Eating my way around Australia

I got back yesterday from a lovely week with my family in Australia. My cousin Sarah studies at university in Melbourne, and my Aunty and Uncle and Grandparents live in Canberra.

The original plan was for Sarah to come and visit in Dubai, but somehow that ended up not happening and I decided to make the most of my staff travel benefits (as I like to do every month!) and fly to Australia!

The flight was looking pretty good, with around 40 spare seats, so I booked my ticket and packed my bags. However as I double checked the loads the night before, suddenly there were only 3 seats available to Melbourne! Luckily the guys at staff travel did their best and I managed to get on, even it was the dreaded middle seat! But who’s complaining when you’re paying practically nothing 😉

13 hours later I finally arrived in Melbourne airport, and Sarah came to pick me up. As it was only around 6am we headed back to hers for the most important thing – sleep!

After some much needed sleep it was onto what somehow turned into a theme for the rest of the week – breakfast! Or more like brunch, although not in the Dubai sense of the word (going out on a Friday from 12-4 and eating and drinking as much as possible!).

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After cycling around 400km in 6 days, we deserved a little break in the beautiful city of Budapest.

This was our first time visiting the city, however my brother Harry has some Hungarian friends and one of them was handily available to play tour guide and drive us around in her car!

Our first stop was Heroes’ Square. A very impressive square with monuments of the Seven Chieftains of the Magyars and lots of other important national leaders.


Viki, our tour guide for the day, then dropped us off at a gorgeous castle. We had a walk around the grounds and admired all of the beautiful architecture.DSCN6882

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We then stopped off at St Stephen’s Basilica and decided to climb to the top to see the amazing views over the city. It must have been a popular day to get married as we saw 4 or 5 brides in the space of a couple of hours!

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After stopping for some traditional Hungarian lunch we drove up to the Buda side (Budapest is in two parts – Buda and Pest, split by the river) to see the Citadella.

The Citadella is a kind of fortress which was built in 1851. The view from the top spans the city as well as the Danube and its 8 bridges.DSCN6946 DSCN6949 DSCN6957 DSCN6960

We then drove to the Fisherman’s Bastion, which was actually like a town inside a castle!

There was a church there as well and we saw another 3 brides getting married!DSCN6963 DSCN6969 DSCN6979

It looked like we’d stepped into a beautiful fairytale castle!DSCN6981DSCN6989

In the evening we’d been recommended a river cruise. The boat sails along the river after sunset so you get to see all of the glistening lights and enjoy dinner and a drink at the same time. DSCN6994 DSCN6998 DSCN7013What a beautiful sight to end our holiday!

Thanks again to mum and dad for taking me with you and putting up with all my complaining about sore legs after every day of cycling! 😉


P.s. If you want more regular day-to-day updates of what’s happening in my life, follow me on Instagram and Twitter @rachelwwilson!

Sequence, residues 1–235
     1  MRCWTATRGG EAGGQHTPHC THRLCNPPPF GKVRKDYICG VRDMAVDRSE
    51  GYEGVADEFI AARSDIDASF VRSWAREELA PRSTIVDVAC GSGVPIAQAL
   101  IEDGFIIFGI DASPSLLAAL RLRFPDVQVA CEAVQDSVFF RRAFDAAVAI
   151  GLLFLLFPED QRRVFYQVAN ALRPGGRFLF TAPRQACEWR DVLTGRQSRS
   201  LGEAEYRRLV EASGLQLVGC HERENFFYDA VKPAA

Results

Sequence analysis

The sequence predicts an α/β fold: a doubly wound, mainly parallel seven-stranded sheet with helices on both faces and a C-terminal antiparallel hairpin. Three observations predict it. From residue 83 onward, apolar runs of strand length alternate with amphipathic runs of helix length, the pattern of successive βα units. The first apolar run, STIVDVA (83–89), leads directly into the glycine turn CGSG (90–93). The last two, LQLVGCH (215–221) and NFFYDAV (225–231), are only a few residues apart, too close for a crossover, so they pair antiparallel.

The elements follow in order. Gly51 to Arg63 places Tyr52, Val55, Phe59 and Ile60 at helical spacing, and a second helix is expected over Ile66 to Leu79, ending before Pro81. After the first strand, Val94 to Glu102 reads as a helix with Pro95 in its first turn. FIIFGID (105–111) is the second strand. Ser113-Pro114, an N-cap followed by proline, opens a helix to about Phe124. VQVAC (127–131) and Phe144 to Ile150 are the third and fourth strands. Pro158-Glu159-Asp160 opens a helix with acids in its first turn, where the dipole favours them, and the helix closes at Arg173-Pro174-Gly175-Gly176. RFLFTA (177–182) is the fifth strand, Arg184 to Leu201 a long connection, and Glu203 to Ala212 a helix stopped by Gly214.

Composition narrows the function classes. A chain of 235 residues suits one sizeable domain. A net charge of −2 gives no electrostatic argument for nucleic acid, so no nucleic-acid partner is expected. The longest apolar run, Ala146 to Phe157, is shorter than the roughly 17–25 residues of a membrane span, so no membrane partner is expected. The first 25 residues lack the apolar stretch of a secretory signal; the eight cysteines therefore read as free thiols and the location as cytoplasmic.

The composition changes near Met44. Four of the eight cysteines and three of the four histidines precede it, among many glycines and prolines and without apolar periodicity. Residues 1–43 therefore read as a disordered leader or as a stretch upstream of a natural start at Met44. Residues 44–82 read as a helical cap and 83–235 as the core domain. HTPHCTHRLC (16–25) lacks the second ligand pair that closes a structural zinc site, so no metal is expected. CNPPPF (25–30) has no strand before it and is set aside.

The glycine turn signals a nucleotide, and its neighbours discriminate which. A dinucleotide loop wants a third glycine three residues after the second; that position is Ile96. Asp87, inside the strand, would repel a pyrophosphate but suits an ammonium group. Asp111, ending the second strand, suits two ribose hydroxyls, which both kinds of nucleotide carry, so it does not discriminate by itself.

Cycling the Danube

Right after my trip to San Francisco, I had around 2 weeks of leave! Mum and Dad very kindly invited me to come on holiday with them. They were going to be cycling around 400km from Vienna to Budapest!

I decided I might as well join them and get a bit of exercise!

Right after I landed from San Fran I quickly packed my bags and headed back to the airport for an overnight flight to Vienna. I made my way to their hotel and our first day of cycling was from Vienna to Bratislava.


Most of the route was right along the Danube river on cycling paths.


We stopped along the way by a huge cherry tree and Dad insisted that I climb the tree to get cherries for us!


Once we arrived at our hotel in Bratislava, we had a nice walk around the city before dinner. There was some kind of food festival going on, so we just couldn’t pass up a glass of wine for 50 cents each!


The next day our route took us from Bratislava to Mosonmagyarovar, in Hungary. (Not the easiest name to pronounce!)


A lot of the way we were cycling along gravel paths, which was very tough going!


Passing by fields and fields full of beautiful white poppies.


After Mosonmagyarovar, our next stop was Györ, also in Hungary.

The company that organises the cycling holidays arranges all the hotels for you, and every morning they come and pick up your suitcases and drop them off at the next hotel. Very handy for us, as it meant we didn’t have to carry anything with us except what we needed for the day.


From Györ we cycled back into Slovakia, to a town called Komarno. It’s actually in both Slovakia and Hungary, split into two parts by the Danube river. We stayed on the Slovakian side, and whilst exploring we discovered some beautiful buildings in the town.


Our second last day took us from Komarno to Visegrad, back into Hungary. I think this was one of the longest routes we did, at about 80km!


Finally on our last day of cycling we went from Visegrad to Budapest.

We stopped off at a very picturesque little town on the way called Szentendre, which was absolutely full of tourists!


Once we finally made it to Budapest we were pretty much all cycled out!

Luckily we had two days here to do some exploring and sightseeing…and all of those pictures will be in my next post! 🙂

P.s. If you’d like to see more day-to-day updates of what’s happening in my life, follow me on Instagram and Twitter @rachelwwilson!